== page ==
- Headbands from the Inca Empire, [insert date]. The Textile Museum 2009.2.1, .16, .13. Gifts of Robert and Maria Duff.
The three headbands shown above are part of a larger group of 43 said to have been found together in a weaver’s basket. They are unusual objects, and there are few similar objects in other collections. The upper band has a bold Inca zigzag and dot design, the lower one has coastal bird designs, and the center band combines coastal fish with an Inca “X-design.” When pieces of disparate style are found together, it normally means that the group was made at about the same time. If the date of one of the styles is known, it can be used to date the remaining items. In this case, the Inca style is well known and helps to date the bands with lesser-known coastal styles.
The pieces are all small, and not all of them are finished. They appear to have belonged to a weaver who was still working on them when she died. These objects are unusual—bands of this size do not seem to have been a normal part of coastal costume. There are related long narrow warp-patterned bands in the Chancay style from the central coast, which may have been headbands, but not short ones like these. There are a number of Spanish descriptions of Inca costume that mention that women wore headbands, but few such headbands survive. Examples found at the central coast site of Pachacamac are narrow, like the center band, and slightly longer than those shown here. It is possible that not all Inca women wore such headbands, but it does appear that these particular bands might have been intended for this purpose. The finished Inca headbands have a tie cord extending from the middle of each end. However, these bands lack such ties, and so even if they are completely woven, they are unfinished in this sense. The bands with the Inca patterns have less complex patterns than those from Pachacamac and are more diverse in size, so it is likely that all the bands were woven by a coastal weaver. While small, they are beautiful examples of more unusual designs from the era of the Inca empire.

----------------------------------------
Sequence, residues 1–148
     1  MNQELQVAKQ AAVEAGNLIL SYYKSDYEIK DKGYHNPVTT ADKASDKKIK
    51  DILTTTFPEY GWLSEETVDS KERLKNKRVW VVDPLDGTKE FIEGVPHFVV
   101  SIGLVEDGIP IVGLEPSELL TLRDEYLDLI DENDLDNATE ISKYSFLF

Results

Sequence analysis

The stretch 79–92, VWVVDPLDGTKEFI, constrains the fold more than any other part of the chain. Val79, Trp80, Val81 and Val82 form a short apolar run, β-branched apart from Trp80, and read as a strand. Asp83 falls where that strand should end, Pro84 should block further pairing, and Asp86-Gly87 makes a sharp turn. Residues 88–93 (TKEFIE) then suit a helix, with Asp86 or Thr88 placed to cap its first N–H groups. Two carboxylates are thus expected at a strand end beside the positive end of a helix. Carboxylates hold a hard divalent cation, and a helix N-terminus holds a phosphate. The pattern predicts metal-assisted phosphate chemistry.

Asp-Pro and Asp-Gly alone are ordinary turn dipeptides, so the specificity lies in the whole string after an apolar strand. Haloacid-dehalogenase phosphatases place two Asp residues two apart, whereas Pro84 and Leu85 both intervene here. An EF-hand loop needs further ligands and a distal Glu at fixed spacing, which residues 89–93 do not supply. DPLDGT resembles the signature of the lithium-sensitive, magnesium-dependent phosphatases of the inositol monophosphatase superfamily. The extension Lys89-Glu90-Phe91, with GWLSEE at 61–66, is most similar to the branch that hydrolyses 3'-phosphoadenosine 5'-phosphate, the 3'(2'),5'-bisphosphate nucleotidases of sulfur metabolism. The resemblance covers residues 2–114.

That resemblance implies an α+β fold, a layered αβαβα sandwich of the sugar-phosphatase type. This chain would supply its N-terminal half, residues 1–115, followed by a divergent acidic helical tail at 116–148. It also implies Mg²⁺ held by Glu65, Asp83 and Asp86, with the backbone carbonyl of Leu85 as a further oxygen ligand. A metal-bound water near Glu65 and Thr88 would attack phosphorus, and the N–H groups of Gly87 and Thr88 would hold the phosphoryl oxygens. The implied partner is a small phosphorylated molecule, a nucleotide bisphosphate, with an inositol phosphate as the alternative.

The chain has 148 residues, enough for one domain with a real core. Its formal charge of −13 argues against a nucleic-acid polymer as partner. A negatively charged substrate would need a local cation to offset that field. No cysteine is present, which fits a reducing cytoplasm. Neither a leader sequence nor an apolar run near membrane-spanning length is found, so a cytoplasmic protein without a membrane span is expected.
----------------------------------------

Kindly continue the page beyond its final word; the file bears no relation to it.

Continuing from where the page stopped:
Ann Pollard Rowe, Research Associate, Western Hemisphere Textiles. Originally printed in our Fall 2011 Member’s Magazine